Time to head west! We gassed up and made it from New Jersey to Colorado in a little under a week. We spent 1823 miles mostly on I-70. We even decided to suck up the $113 tolls through Pennsylvania.
Craig drove 300+ mile days, and I worked from my mobile office - the passenger side of the bus. Every once in a while I’d go sit on the couch for a change of scenery. Craig has a great wifi setup inside so I get pretty much uninterrupted service as we bounce from cell tower to cell tower. Cell service is one of our biggest expenses from the road running us almost $400 a month for our phones and Internet. But since we work from the road, it’s definitely a must have. We have both AT&T and Verizon for redundancy! I’d say we mostly use Verizon, but for those times that Verizon is not available, the AT & T backup keeps me from getting grouchy.
In one of my online meetings last week, my colleague commented “I don’t really know what your lifestyle looks like. It’s hard for me to imagine.”
I responded. “Well this week is not really that glamorous. It’s probably pretty much like yours - long work days, except that the view from my office changes as we move from state to state. And sometimes the roar of the engine can make it hard to hear on a video or phone meeting.
I don’t have a water cooler to go hangout at when I need a break, and don’t have much square footage to walk about and stretch. I’m trying to remember to drink more water and stretch a bit when we stop to fill up our 200 gallon gas tank. Our credit card company gets a bit nervous when they see $300 charges at a gas station.
I sometimes feel that Craig must get lonely driving when I get into my work flow. What type of work? As a freelance educator, it changes. This week I spent most of my days either
-- working with my University of Vermont students this semester on Universal Design for Learning
-- working with my Marlboro College students this semester on Maker Centered Learning
-- working with Tarrant Institute on the EMMA project (moving conversations about #makered forward in rural Vermont schools)
-- working on my various Create Make Learn projects
-- and a few other freelance projects.
One of the highlights of my week was getting text messages from the new maker space at Burke School as they were building wind tubes as part of a student leadership day that I helped design.
It was not quite the same as being there, but today's technology does allow me to stay engaged with the #vted community as I travel around the country looking for new ideas and inspirations to support students and teachers. Between Google Apps, email, chat, text, and video conferencing, I hardly feel the difference in time zones.
I was a little nervous about teaching my Innovations in Education: Maker- Centered Learning class as a Marlboro College course online, but it has actually been a blast watching the tight sense of community form between this cadre of grad students as they create, make, and learn miles apart from each other.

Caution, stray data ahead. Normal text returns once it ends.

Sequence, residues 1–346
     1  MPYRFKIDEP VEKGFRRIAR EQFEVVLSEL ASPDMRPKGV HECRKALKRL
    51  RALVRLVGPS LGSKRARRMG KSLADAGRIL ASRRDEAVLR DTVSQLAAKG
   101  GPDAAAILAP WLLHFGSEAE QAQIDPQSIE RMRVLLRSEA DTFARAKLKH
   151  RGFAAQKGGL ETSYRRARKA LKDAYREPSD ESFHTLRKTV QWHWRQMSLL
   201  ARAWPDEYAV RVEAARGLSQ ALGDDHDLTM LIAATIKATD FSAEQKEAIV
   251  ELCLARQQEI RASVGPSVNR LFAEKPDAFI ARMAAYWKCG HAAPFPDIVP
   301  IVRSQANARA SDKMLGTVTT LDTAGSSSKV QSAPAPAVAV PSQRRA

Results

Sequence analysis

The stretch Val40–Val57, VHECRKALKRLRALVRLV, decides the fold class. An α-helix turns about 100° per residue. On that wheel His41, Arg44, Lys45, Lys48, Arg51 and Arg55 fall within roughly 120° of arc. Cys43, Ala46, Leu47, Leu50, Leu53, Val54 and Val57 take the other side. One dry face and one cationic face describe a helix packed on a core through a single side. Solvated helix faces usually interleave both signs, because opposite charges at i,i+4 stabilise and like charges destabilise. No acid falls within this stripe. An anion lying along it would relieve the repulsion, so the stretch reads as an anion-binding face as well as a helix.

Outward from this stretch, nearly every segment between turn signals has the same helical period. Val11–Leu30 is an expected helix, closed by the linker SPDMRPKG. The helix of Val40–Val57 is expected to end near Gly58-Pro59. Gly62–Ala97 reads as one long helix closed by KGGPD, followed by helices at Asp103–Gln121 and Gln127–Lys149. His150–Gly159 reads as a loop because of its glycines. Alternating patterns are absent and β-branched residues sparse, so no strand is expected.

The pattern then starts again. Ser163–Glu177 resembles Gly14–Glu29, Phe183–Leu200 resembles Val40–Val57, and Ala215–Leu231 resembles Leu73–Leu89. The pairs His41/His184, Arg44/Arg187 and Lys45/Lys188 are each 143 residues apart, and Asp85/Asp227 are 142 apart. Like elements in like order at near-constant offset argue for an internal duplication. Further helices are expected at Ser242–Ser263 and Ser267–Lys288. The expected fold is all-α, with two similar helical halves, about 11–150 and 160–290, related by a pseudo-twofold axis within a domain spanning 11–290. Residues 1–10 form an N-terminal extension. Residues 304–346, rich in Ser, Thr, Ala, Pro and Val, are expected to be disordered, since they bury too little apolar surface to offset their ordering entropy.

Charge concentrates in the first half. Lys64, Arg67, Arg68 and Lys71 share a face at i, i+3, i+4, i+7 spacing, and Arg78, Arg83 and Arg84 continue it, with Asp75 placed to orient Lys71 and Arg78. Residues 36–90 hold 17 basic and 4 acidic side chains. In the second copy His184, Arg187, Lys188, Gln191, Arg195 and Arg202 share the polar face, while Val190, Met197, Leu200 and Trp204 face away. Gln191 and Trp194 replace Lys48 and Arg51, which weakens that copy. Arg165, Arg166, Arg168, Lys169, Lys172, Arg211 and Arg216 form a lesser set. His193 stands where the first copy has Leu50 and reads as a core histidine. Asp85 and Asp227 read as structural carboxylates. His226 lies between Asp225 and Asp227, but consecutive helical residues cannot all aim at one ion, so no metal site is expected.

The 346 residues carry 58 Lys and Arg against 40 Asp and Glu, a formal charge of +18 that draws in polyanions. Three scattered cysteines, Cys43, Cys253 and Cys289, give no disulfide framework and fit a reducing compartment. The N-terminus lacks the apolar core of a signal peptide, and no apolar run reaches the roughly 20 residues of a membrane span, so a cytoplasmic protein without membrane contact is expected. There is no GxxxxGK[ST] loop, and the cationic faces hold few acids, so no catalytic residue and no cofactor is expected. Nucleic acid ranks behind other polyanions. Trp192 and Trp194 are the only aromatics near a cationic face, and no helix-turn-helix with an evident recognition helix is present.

Craig reminded me to look up and enjoy the view every once in a while, and pointed out when we crossed state lines or changed time zones.
I decided to take little breaks and grab some footage to the view from my office window, through the eyes of my 3 little dashboard companions.
As it gets closer to dinner time each day, I use an App called ALL STAYS to find a place that we can park the bus for the night and get some dinner. The first night we snuggled BELLA between two trucks at a Rest Area, then truck stops, followed by an overnight at Walmart.
|Overnight Tuesday - Rest Area in Pennsylvania|
|Overnight Wednesday Truck Stop in Indiana|
|Overnight Thursday - Truck Stop in Missouri|
|Friday night's entertainment - a walk around Walmart!|
One the last night, we found the very tiny Shady Grove Campground in a very tiny Colorado town called Seilbert (population 216). We took a SHORT walk through town and spotted a small grocery store, a post office, a wellness clinic, and some grain elevators. Oh and a phone booth; I can’t remember the last time I saw one of those!
Our overnight at Shady Grove Campground allowed us to dump and fill our tanks before we changed over to street camping in Colorado for the next week or so. With our Passport America discount, this cost us a whole $15! Craig remembered staying here when he was traveling with his dad, years ago.
On the sixth day we made it to Denver
Within a few minutes we were at our destination in Broomfield Colorado for a week of street camping right in front of Warren and Allison’s house. The last time Craig had seen his son was last year at the same time; so he was smiling big time when we arrived.
The first order of business was to move the Heady Topper and Citizen Cider that we had kept cold since it had left Vermont - over two weeks ago.
It’s not the first time our children have asked us to babysit the beer and make sure it does not go down below temperature. Who knew Vermont beer would become such a precious commodity!